Class Action by State on Behalf of Itself and Citizens Properly Removed under Class Action Fairness Act (CAFA) because State’s Sovereign Immunity not Applicable to Citizens Fifth Circuit Holds
Louisiana’s Attorney General Louisiana filed a putative class action against more than 200 insurance companies on behalf of the State and numerous Louisiana citizens based on defendants’ alleged failure to pay for covered insurance claims arising out of Hurricanes Katrina and Rita; the class action complaint alleged only state law claims, and sought compensatory, declaratory and injunctive relief. In re Katrina Canal Litig. Breaches, 524 F.3d 700, 2008 WL 1118176, *1 (5th Cir. 2008). Defense attorneys removed the class action to federal court asserting removal jurisdiction under the Class Action Fairness Act (CAFA) and the Multiparty Multiform Trial Jurisdiction Act (MMTJA). Id., at *1, *3. Louisiana moved to remand the class action to state court, “arguing that CAFA did not apply and that Louisiana enjoyed sovereign immunity from involuntary removal to federal court in that it was suing in its state court to enforce state law.” Id., at *1. The district court denied the motion; because it found that removal jurisdiction existed under CAFA, it did not reach the issue of whether jurisdiction also existed under MMTJA. Id., at *3. The Fifth Circuit granted the State’s petition under CAFA for permission to appeal the remand order under CAFA, and then affirmed.
On appeal, Louisiana argued “CAFA does not apply, and that even if it does apply by its terms, it cannot abrogate sovereign immunity from federal process, or at the least Congress did not clearly do so in CAFA.” In re Katrina, at *3. (Louisiana also raised arguments under MMTJA, but the Fifth Circuit did not address this issue so we do not discuss it here.) The only aspect of CAFA removal jurisdiction challenged on appeal was diversity; specifically, Louisiana argued that a state is not a person for purposes of diversity jurisdiction and, further, that “it has not filed a class action as defined by CAFA.” Id. The Fifth Circuit held that this was not the relevant inquiry, because “Louisiana seeks relief for both the State and the citizens as “recipients” of insurance.” and the citizens adequately satisfied the minimal diversity required by CAFA. Id. The “difficult question” addressed by the Circuit Court was whether state sovereignty barred removal. Id.
After a lengthy discussion of whether sovereign immunity even applies to States in their role as plaintiffs rather than defendants, see id., at *4-*8, the Fifth Circuit opted to “rest [its] decision on the most narrow of grounds” and held that “waiver and its predicate that any immunity the State may have cannot be conferred by the State upon the prosecution of suits by private citizens,” id., at *8. In short, because the State brought the class action on behalf of its citizens as well as itself, the citizens were not permitted to invoke the State’s sovereign immunity (even assuming it existed) and so the matter was properly removed under CAFA. Id. As the Fifth Circuit concluded, “We are persuaded that the State cannot pull these citizens under its claimed umbrella of protection in frustration of a congressional decision to give access to federal district courts to defendants exposed to these private claims, presumably for reasons not far removed from those that led the first Congress to confer diversity jurisdiction – known then and now to the trial bar as ‘home cooking.’” Id. (footnote omitted). Accordingly, the order denying the motion to remand was affirmed, id., at *9.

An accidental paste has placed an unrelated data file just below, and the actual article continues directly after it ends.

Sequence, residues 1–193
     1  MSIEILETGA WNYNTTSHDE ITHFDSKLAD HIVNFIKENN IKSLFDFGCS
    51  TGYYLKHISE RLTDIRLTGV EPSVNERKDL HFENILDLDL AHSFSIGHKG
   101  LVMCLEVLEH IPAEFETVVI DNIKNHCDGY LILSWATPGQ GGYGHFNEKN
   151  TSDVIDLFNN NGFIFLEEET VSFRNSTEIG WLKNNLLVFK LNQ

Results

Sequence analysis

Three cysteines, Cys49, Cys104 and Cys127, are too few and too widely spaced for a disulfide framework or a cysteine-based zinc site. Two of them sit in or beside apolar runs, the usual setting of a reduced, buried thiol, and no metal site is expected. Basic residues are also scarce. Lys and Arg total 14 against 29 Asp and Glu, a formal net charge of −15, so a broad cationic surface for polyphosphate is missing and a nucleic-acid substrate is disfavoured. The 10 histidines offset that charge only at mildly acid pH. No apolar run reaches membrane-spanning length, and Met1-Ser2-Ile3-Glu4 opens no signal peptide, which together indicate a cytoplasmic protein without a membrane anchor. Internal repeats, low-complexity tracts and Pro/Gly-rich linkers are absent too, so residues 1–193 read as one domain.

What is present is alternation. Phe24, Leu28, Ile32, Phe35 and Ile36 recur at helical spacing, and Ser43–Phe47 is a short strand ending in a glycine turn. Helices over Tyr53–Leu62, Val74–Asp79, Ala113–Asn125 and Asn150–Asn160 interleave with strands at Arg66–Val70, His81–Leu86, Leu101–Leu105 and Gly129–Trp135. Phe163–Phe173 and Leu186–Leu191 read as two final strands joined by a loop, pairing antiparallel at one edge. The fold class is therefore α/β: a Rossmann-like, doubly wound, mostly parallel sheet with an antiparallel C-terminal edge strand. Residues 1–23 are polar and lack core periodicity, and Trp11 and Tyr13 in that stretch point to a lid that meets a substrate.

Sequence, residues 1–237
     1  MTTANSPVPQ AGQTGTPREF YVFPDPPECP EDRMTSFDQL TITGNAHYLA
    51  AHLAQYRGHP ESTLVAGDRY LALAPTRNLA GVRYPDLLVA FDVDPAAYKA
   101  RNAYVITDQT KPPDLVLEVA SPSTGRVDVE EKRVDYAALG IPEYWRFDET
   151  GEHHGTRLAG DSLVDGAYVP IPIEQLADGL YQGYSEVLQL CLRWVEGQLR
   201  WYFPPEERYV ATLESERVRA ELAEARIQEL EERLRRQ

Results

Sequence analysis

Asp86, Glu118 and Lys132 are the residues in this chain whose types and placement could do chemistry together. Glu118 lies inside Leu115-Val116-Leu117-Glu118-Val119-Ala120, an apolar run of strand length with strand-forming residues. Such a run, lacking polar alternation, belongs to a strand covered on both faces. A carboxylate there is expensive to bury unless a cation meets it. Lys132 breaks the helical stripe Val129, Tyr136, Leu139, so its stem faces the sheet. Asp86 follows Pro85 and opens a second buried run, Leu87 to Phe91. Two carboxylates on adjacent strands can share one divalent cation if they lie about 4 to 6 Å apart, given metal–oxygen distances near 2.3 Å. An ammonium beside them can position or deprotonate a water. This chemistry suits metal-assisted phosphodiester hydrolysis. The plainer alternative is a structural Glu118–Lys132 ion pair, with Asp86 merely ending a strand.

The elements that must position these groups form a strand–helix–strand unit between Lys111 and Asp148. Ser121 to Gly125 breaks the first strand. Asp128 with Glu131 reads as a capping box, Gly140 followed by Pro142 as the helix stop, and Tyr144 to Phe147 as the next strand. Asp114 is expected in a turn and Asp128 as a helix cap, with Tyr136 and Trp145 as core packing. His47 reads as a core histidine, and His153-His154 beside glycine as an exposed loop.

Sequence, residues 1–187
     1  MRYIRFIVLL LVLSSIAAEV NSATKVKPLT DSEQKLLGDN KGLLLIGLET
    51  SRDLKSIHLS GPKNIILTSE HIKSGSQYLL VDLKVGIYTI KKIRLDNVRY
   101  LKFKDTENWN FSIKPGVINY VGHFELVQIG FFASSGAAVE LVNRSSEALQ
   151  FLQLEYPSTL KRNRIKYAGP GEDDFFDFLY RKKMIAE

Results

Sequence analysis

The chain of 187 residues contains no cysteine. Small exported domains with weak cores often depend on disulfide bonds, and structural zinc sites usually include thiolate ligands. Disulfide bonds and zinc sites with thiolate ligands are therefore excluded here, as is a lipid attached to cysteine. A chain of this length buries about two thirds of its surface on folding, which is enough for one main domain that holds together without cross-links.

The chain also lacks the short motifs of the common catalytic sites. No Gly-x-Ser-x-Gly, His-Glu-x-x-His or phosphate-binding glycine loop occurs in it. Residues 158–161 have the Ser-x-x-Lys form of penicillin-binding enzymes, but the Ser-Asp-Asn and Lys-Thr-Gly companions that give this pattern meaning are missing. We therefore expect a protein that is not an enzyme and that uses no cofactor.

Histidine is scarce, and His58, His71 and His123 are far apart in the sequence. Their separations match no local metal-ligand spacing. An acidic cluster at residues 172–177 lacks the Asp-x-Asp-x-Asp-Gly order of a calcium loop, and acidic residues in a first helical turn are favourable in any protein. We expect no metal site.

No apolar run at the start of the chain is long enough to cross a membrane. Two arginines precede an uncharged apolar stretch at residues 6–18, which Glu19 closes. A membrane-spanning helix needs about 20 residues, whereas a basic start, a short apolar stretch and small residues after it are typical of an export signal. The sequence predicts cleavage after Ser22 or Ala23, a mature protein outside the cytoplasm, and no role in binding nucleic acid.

NOTE: The Fifth Circuit summarized the State’s standing as follows: “Louisiana administers the Road Home Program, which advances money to Louisiana homeowners for reconstructing homes damaged or destroyed by Hurricanes Rita and Katrina. Any homeowner could receive up to $150,000 from Louisiana with a written assignment to the State of the owner’s claim against his insurer in the amount of the payment received from the State. Only an owner’s claim for damage to his dwelling was assigned. * * * While an owner’s assignment was partial in that the owner retained his claim against his insurer for amounts exceeding the sum advanced by the State, the assignment also granted Louisiana the right to sue his insurer in the owner’s name for the owner’s insured losses.” In re Katrina, at *2 (footnote omitted). In pertinent part, the class action sought “an injunctive order directing that the Insurance Company Defendants pay all coverage afforded under the terms of the recipients’ policies, and where a total loss is found, an injunctive order directing the payment of the full value placed on the recipients’ residence … with full reimbursement or repayment of any funds to which the State is entitled to as a result of any grant issued under The Road Home Program.” Id.